The presidential race between Hillary Clinton and Donald Trump is dominating the discussion about the upcoming US election, but it’s not the only contest to watch on 8 November. Choices that voters make will influence other levels of government—and some of these decisions will steer the course of science and science policy.
Will Congress change hands?
Winning the White House is only half the battle for the next president. The political balance of the two houses of Congress—the US House of Representatives and the Senate—can determine whether a president’s policies become law or die on the vine.
The Republican Party currently controls both houses. But on 8 November, all 435 seats in the House of Representatives are up for grabs, as are 34 of the 100 seats in the Senate.
Although the House seems likely to remain in Republican hands, a Democratic take-over of the Senate is possible. That would benefit Clinton—a Democrat—if she prevails over Trump: the latestpolls suggest she has a narrow lead. A Democratic Senate would be more likely to back her funding and policy priorities, such as increasing science spending and fighting climate change, and to approve her nominees for government posts at NASA, the National Science Foundation (NSF) and other agencies key to science.
And if the Senate ends up split with 50 Democrats and 50 Republicans, the vice-president—who is also president of the Senate—would break the tie, handing control to the party that wins the White House.
Congressional races to watch
Individual House and Senate races—and retirements—are set to change the political landscape for US science agencies in subtler ways.
Take Maryland, whose senior senator, Barbara Mikulski, is retiring after 30 years in office. Mikulski is not only the highest-ranking Democrat on the powerful Senate Appropriations Committee, which formulates the Senate’s spending bills. She also leads the Senate subcommittee that oversees funding for the NSF, NASA and the National Oceanic and Atmospheric Administration (NOAA), and has pushed to increase spending on science over the years. That interest is home-grown: NASA’s Goddard Space Flight Center and several NOAA facilities, including the agency’s satellite operations centre, are located in Maryland. Many Earth, climate and space scientists consider Mikulski to be a powerful ally. Although her replacement is likely to be a fellow Democrat, that person won’t have her seniority or inherit her science-friendly committee posts.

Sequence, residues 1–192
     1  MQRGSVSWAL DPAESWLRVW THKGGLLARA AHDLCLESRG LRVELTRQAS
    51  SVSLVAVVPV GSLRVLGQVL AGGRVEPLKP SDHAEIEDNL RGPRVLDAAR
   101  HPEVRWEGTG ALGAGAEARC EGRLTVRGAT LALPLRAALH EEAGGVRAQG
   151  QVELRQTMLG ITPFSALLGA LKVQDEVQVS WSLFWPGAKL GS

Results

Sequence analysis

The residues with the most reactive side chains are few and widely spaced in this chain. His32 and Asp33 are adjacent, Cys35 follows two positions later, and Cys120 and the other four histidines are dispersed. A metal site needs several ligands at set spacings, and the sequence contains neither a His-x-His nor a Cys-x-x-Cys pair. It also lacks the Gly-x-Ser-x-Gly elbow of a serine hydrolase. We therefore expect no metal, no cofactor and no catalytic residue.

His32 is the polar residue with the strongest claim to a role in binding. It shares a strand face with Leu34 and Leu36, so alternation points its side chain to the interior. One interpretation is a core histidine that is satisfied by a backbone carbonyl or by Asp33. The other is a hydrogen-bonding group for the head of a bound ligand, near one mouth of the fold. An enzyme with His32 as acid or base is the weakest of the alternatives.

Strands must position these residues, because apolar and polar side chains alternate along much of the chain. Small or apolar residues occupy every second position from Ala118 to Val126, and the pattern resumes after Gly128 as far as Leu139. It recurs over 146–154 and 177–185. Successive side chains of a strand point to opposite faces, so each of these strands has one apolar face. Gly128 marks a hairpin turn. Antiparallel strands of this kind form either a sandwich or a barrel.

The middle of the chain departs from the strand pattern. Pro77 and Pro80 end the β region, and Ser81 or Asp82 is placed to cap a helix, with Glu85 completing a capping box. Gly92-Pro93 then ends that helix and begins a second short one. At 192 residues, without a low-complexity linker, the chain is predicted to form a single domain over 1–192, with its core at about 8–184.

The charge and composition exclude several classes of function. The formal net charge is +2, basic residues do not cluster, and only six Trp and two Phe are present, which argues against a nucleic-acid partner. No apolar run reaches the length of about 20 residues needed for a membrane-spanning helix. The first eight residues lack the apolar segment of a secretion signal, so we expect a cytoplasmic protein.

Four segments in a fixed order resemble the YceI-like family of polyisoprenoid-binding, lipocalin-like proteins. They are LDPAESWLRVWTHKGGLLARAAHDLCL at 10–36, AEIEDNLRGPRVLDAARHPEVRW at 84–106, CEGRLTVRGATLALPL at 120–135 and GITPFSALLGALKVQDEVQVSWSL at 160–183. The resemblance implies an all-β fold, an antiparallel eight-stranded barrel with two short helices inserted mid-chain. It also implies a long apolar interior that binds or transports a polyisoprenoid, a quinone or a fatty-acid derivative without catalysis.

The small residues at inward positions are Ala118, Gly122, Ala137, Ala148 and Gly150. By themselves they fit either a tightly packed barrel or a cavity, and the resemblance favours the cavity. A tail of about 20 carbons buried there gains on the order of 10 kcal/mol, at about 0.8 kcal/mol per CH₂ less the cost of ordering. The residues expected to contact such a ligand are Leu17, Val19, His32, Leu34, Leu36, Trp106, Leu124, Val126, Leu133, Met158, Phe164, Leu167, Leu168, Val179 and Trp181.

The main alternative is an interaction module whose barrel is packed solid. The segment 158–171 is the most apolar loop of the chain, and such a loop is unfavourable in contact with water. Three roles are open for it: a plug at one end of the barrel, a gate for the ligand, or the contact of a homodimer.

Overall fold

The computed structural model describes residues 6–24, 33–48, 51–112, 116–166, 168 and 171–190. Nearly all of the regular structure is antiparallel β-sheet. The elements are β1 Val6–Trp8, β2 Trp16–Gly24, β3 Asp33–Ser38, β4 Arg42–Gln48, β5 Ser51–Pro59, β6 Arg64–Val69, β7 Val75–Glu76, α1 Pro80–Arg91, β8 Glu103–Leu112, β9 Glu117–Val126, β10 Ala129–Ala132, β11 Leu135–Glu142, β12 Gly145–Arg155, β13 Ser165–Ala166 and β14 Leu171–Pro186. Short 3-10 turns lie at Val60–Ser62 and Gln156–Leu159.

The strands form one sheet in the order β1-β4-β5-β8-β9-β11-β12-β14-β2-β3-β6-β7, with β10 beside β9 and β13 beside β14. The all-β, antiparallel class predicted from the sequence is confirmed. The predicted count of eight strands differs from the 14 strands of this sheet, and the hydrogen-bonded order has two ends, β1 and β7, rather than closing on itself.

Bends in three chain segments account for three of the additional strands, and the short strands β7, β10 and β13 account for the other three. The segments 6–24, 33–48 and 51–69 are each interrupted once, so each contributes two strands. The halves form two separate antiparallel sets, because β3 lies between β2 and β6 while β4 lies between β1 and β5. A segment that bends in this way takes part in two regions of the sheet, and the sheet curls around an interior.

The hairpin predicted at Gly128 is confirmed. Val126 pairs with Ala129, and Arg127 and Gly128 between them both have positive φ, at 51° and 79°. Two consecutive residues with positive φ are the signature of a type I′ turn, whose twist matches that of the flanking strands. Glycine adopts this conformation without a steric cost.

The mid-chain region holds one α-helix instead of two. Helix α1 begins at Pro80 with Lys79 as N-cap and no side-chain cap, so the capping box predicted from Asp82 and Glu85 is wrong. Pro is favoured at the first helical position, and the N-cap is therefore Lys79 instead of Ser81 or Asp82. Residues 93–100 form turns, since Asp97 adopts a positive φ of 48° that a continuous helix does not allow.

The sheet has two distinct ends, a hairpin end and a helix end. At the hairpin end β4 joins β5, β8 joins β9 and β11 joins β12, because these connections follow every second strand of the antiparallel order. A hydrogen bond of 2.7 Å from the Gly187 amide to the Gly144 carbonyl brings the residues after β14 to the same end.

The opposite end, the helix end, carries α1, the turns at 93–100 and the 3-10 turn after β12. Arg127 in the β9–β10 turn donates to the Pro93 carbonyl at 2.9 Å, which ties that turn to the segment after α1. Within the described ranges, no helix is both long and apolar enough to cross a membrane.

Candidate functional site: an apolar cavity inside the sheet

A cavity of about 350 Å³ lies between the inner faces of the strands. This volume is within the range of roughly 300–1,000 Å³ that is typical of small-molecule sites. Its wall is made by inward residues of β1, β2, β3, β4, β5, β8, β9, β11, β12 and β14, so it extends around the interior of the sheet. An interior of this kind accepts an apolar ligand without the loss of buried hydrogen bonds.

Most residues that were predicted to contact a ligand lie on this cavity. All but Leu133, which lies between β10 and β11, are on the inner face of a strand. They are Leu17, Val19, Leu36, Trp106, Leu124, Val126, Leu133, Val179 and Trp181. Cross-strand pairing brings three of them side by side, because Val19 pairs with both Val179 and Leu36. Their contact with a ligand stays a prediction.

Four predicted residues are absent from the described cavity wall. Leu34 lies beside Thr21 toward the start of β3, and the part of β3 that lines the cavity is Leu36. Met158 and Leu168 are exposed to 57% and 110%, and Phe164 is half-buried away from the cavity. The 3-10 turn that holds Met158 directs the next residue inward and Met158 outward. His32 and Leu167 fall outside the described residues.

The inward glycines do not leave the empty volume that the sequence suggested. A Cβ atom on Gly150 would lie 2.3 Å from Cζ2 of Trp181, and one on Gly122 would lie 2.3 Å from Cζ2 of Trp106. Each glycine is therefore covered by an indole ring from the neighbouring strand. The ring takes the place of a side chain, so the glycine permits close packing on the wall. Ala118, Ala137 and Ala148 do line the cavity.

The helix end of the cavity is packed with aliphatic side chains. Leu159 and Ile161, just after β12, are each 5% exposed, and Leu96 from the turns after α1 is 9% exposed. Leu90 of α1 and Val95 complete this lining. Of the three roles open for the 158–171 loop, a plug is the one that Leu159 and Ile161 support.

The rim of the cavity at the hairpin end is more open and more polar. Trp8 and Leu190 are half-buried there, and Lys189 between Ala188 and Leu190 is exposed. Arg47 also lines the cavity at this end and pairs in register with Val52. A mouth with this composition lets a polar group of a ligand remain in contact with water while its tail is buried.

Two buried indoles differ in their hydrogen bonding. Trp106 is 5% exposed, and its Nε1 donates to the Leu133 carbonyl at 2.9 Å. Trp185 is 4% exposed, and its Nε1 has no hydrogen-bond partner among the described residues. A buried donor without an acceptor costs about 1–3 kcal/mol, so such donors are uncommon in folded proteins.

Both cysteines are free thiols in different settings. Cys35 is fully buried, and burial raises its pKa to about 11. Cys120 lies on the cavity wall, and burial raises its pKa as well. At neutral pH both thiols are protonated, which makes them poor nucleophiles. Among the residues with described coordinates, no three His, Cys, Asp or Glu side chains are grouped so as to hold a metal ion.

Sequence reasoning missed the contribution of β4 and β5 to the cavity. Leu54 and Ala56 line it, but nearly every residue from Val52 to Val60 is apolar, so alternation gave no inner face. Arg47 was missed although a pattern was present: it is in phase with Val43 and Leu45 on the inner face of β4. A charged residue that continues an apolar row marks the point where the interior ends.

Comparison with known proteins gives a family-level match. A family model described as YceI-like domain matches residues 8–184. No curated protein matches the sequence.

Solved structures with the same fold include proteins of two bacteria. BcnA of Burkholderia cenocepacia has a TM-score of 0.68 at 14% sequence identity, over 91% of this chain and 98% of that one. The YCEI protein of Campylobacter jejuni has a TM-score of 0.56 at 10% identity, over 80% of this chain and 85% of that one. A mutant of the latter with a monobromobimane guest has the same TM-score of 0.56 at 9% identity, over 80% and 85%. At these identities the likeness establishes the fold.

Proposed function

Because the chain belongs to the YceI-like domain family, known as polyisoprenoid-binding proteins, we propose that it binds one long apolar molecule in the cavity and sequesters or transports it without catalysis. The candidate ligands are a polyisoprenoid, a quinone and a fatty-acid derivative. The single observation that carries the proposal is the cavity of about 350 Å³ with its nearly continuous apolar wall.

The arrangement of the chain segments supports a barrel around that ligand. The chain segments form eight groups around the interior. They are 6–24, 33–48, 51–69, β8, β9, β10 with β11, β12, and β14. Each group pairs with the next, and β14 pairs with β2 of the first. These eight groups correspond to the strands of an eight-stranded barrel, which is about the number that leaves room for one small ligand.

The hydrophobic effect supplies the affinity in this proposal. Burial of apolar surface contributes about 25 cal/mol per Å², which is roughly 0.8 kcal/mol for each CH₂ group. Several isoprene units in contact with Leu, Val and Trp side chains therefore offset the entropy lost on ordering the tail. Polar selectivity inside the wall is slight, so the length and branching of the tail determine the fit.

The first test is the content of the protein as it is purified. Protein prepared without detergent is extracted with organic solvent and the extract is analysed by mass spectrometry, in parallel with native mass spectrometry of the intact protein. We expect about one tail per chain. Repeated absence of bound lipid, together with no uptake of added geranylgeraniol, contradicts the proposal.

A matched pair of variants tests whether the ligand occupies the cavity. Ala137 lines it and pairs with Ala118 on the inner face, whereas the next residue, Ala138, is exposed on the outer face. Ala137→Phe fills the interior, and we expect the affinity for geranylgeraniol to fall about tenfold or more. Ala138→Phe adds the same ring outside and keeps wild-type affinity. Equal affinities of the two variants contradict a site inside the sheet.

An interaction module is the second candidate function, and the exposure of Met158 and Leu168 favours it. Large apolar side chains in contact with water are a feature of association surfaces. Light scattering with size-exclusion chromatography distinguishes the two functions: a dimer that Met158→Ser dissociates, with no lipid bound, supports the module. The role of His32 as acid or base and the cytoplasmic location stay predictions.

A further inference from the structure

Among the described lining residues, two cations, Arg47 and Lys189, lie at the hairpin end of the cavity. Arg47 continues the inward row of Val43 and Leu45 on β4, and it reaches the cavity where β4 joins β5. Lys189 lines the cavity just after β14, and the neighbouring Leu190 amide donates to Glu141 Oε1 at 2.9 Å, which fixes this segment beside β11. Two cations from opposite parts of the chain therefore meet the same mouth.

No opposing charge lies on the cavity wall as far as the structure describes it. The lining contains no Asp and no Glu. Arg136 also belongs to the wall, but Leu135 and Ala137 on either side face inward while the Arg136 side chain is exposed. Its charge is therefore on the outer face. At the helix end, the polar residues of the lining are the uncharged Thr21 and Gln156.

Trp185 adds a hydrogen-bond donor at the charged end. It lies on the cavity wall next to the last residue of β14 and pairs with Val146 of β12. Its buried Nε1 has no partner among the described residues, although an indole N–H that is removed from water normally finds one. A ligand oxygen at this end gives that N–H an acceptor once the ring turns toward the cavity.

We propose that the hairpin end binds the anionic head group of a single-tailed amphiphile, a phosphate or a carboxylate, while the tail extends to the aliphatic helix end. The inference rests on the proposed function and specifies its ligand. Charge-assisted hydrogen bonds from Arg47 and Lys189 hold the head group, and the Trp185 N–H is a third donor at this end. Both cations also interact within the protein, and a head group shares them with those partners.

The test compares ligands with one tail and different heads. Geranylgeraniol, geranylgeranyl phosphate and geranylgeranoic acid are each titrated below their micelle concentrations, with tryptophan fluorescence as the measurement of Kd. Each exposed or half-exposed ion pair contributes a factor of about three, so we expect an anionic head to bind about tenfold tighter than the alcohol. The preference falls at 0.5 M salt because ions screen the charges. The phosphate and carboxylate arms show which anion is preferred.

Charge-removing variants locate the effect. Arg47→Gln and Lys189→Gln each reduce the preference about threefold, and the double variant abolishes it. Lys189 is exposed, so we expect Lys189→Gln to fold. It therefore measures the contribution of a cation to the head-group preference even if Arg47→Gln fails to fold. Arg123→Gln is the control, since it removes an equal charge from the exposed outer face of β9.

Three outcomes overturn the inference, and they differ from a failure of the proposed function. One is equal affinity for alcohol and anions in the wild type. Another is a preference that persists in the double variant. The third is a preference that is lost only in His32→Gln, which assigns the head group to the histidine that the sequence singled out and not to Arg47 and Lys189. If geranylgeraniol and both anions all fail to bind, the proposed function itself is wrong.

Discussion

Similarly, California will say good-bye to Democratic senator Barbara Boxer, who has made environmental issues a focus during nearly a quarter of a century in the Senate. Boxer has led several attempts to enact comprehensive climate-change legislation as a leader of the Senate Environment and Public Works Committee; all failed in what she now says is her biggest regret as she heads into retirement. As with Mikulski, Boxer is likely to be replaced with another Democrat.
In New Hampshire, Republican senator Kelly Ayotte is fighting a close race to keep her seat. She’s one of just five Republican senators who voted in favour of a 2015 amendment that declared climate change to be real — and caused by human actions. Ayotte’s track record on environmental issues is mixed: she backed the Keystone XL oil pipeline, for example. But if she loses to her Democratic opponent, the Senate will lose one of its few Republicans who believe in climate change.